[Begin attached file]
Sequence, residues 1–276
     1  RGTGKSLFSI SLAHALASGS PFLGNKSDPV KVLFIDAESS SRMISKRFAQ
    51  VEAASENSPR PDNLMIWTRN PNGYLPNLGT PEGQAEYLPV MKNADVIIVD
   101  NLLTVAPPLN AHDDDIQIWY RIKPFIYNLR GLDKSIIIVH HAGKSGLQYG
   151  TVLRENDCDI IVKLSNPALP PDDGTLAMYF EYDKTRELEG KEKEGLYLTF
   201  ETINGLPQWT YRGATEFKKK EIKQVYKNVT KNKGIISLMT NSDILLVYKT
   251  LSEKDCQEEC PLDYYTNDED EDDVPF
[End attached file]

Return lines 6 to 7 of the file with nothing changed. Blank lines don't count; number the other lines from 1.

   201  ETINGLPQWT YRGATEFKKK EIKQVYKNVT KNKGIISLMT NSDILLVYKT
   251  LSEKDCQEEC PLDYYTNDED EDDVPF